Compiled by Nicola Greaves

JUST ONE OF THE FOUR CASES BROUGHT TO THE European Court of Human Rights this January was successful.

This was BA employee Natalie Eweida, who had been ordered to remove her cross at work.

But nurse Shirley Chaplin was not granted the same outcome, having been forbidden by Royal Devon and Exeter NHS Trust from wearing her cross on hospital wards.  Shirley said on Radio 4’s ‘Sunday’ programme, “In my eyes, removing my cross meant divorcing God.”  Shirley had suggested compromises, but the Trust had insisted it was not a religious issue but that the cross could endanger patients.

And neither Lillian Ladele, the registrar who had asked to be excused from officiating at same-sex partnership ceremonies, nor Gary McFarlane, the marriage counsellor who had expressed an objection to giving sex counselling to gay couples, were successful in their appeals.

Two of the seven judges did in fact dissent and gave a “powerful” minority opinion, according to Mark Hill QC for the Christian Institute. They believe Miss Ladele’s dismissal was caused by “a combination of backstabbing by her colleagues and the blinkered political correctness of the borough of Islington (which clearly favoured ‘gay rights’ over fundamental human rights)”.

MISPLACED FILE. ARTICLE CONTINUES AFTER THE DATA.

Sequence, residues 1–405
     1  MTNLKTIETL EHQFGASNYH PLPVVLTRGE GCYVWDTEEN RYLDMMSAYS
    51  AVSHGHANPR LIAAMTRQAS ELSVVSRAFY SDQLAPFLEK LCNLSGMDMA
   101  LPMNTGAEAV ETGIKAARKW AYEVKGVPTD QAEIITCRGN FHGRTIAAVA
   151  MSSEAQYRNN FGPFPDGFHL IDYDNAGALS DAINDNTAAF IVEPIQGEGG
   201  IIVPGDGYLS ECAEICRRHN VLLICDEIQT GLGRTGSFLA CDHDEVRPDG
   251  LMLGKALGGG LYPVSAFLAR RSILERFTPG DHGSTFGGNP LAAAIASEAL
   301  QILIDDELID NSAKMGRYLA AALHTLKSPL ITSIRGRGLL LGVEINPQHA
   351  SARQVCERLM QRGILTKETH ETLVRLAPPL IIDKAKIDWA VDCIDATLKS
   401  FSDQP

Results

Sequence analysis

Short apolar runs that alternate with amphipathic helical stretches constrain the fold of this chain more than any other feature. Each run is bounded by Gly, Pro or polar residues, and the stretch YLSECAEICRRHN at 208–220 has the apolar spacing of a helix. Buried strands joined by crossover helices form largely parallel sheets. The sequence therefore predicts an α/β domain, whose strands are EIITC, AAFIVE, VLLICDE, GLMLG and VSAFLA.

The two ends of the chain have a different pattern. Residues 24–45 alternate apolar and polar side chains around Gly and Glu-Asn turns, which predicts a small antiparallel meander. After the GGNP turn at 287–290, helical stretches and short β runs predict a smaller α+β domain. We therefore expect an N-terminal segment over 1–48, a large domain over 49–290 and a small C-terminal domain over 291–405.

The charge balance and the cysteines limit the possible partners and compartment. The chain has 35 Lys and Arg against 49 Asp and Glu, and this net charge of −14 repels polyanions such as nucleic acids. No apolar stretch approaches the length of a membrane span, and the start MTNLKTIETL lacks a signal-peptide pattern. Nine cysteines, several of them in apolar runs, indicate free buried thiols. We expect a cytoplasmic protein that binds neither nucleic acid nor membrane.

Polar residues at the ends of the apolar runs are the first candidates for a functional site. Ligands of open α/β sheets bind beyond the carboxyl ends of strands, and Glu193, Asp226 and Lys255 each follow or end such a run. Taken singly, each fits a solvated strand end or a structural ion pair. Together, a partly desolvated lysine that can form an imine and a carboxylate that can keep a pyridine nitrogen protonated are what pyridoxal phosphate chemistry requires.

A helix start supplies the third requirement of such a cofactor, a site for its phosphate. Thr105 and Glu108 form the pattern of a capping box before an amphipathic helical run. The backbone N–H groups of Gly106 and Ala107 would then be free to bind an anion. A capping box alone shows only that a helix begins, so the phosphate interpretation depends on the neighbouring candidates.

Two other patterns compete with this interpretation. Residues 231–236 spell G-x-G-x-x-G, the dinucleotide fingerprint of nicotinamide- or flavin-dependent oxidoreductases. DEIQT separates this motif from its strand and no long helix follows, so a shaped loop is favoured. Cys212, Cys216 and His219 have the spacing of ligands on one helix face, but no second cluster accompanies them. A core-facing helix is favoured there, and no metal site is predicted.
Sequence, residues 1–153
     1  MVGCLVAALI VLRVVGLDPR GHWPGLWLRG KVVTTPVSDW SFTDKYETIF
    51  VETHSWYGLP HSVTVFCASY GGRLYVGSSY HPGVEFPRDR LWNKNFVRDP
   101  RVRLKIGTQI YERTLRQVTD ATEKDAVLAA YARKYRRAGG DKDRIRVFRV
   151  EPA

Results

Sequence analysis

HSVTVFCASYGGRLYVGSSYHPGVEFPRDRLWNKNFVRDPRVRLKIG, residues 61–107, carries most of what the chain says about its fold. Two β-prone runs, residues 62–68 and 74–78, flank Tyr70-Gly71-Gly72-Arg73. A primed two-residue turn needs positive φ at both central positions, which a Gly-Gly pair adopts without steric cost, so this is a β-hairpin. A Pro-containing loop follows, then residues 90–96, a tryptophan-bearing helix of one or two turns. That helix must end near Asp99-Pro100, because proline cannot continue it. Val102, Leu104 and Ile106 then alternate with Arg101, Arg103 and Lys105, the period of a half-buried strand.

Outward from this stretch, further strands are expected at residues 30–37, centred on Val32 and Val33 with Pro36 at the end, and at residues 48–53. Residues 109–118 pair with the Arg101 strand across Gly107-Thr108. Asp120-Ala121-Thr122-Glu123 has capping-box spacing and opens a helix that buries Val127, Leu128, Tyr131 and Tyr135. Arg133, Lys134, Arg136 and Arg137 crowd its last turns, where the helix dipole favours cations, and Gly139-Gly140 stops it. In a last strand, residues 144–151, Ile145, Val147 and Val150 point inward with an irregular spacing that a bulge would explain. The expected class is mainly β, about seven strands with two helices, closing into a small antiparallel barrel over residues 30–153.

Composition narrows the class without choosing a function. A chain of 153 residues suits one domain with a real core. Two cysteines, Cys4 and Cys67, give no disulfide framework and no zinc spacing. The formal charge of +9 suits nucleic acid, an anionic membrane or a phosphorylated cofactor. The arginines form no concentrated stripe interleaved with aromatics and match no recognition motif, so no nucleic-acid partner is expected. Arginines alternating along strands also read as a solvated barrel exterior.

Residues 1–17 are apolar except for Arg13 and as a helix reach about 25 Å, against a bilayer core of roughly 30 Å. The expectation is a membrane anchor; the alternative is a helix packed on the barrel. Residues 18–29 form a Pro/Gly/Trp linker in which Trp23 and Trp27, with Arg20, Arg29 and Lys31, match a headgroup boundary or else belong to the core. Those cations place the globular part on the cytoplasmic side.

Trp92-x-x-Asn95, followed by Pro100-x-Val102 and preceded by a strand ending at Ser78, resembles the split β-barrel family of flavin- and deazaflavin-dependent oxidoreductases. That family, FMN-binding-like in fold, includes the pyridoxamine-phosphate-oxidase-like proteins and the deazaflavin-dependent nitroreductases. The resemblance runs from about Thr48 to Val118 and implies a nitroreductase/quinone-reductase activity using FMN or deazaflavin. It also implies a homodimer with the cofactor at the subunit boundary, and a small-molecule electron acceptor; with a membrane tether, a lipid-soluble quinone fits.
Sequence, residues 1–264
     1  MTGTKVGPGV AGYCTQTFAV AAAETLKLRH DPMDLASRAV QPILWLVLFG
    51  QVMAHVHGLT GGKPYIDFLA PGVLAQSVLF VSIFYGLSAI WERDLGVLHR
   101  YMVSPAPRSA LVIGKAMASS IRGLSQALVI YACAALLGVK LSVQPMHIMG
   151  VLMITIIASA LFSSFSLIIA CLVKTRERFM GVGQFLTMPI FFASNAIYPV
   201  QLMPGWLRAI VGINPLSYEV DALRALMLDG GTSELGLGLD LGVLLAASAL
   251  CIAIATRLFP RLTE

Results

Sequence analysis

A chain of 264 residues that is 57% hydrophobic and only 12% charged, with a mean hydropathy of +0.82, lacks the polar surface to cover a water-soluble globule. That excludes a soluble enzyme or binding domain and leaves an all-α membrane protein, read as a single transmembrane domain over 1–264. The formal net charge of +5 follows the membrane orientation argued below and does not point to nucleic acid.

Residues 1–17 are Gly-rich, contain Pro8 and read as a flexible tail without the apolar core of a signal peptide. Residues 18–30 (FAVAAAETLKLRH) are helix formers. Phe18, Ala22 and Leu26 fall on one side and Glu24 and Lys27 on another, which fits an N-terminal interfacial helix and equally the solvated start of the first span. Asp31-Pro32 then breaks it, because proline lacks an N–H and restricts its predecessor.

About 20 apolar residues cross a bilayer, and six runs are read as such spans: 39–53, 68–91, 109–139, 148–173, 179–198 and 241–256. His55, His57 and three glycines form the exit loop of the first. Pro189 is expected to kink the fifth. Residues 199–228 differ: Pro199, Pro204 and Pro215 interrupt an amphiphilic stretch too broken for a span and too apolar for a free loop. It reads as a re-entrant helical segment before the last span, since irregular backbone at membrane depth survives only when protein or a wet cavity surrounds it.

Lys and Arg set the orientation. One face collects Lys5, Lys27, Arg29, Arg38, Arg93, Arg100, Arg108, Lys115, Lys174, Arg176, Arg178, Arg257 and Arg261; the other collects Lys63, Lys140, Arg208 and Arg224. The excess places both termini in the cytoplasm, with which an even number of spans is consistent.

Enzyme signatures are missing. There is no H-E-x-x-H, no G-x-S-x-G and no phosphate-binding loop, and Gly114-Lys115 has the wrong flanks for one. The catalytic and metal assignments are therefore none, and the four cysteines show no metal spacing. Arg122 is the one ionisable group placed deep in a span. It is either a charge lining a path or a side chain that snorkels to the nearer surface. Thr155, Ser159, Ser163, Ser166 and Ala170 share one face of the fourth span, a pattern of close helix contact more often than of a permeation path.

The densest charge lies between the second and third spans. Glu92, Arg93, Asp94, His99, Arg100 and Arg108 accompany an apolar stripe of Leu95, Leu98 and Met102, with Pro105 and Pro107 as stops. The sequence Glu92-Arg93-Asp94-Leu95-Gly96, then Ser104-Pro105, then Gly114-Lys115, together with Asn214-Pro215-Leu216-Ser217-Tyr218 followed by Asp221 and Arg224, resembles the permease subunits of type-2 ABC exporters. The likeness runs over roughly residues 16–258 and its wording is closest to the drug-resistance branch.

“Europe showed British government was wrong”

Three months to appeal over lost cases

AFTER EUROPEAN JUDGES OVERRULED the British government in favour of one Christian’s work bias case, Andrea Minichiello Williams, the Christian legal rights campaigner, is planning to appeal on behalf of her other two clients who lost their cases in Europe.

Andrea said, “For the first time ever, the European Court of Human Rights found the UK government to be in violation of Article 9, which guarantees freedom of thought, conscience and religion across all member states.”

This was proved in the case of Nohad Halawi, the beautician dismissed from her job at Heathrow for unfounded allegations against Islam.

Calling this a ‘once in a lifetime’ opportunity to secure Christian freedoms in Britain through the European Courts, Andea’s Christian Legal Centre team will be fighting for the rights of former nurse Shirley Chaplin to wear her cross on the ward and relationships counsellor Gary Macfarlane to be free to confine sex advice to heterosexual couples. Andrea told supporters: “The European judges showed how wrong the British Government is on these issues.  They rightly said that wearing a cross is an expression of Christian faith and should be a protected freedom.  And they also contradicted the UK ruling in stating that  ‘freedom to resign and find another job’ is not enough to guarantee religious freedom”.  She also commented that there is “real support” for this cause amongst members of the Council of Europe in Strasbourg.

“The British Government said the cross was not a generally recognised Christian symbol!”

Andrea Minichiello Williams: “Europe showed the British government was wrong”

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